For many years, decades even, I’ve written and spoken about the decline in players’ performance towards the end of tours. They were merely personal observations but, from 1996, they were based on the science provided by Professor Tim Noakes who set out to prove that there was an optimal ‘peak’ of performance on tour after which sportsmen and women inevitably waned.
As always, there were exceptions. If I recall correctly, a young and uninhibited Herschelle Gibbs would have been delighted to be on tour for six months at a time, but team mates with wives and children, according to Noakes’ date, were in irreversible decline after around five weeks on the road.
Add Covid and bio-secure ‘bubbles’ to the equation, and the time inevitably declines. It’s been almost three weeks in Sri Lanka now, and only five limited overs games out of six, and I can’t recall ever wanting a tour to end more quickly than this one. Out of the 300 or so which I’ve been lucky enough to cover, home and away. If that’s how I’m feeling, it’s fair to assume that the players are also pretty keen to get home – or at least to leave their ‘bubble’ and go for a walk, or the beach, or whatever it is that they’re missing.
Frankly, I’m surprised that more top sports people haven’t taken more time out. There are have been plenty, but we tend to forget them almost as soon as they have stepped away. Out of sight, out of mind.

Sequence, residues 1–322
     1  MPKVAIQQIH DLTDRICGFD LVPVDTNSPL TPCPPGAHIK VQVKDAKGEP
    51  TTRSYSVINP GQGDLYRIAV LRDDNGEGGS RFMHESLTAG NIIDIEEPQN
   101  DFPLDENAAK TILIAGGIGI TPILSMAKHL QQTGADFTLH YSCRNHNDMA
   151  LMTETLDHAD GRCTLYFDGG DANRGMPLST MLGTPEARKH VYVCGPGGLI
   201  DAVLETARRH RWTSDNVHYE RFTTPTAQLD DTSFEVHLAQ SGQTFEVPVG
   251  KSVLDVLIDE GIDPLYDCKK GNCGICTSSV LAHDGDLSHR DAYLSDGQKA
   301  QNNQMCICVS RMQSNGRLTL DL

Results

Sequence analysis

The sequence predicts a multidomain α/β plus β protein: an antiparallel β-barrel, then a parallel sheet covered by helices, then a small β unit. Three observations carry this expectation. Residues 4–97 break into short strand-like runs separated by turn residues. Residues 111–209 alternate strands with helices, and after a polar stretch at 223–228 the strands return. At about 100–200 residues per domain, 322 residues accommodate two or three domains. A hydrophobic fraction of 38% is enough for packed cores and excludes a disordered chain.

The breakfast crows seem to know that something is up. They have become more brazen than ever, even prepared to snatch at a slice of toast on a side plate. I’m sure they know we’re only here for one more breakfast.
In other news, Pakistan have appointed Mathew Hayden and Vernon Philander as batting and bowling consultants for the T20 World Cup. Newly appointed PCB chairman, Rameez Raja, said: “Matthew Hayden is Australian, and has experience of winning World Cups and was a great player himself.” Who needs coaching certificates and experience when you are already blessed with so many qualities?
Rameez also said that he “…knows Philander personally” so that was obviously a tick in the right place on Vernon’s CV. He might have said: “Vernon was not just one of the modern day greats, he is one of the best Test bowlers of all time with 224 wickets at an extraordinary average of 22.32.” It might not have been relevant but it would have sounded better than “I know him personally” – or “Vernon played in seven T20 Internationals in his illustrious career and took four wickets.”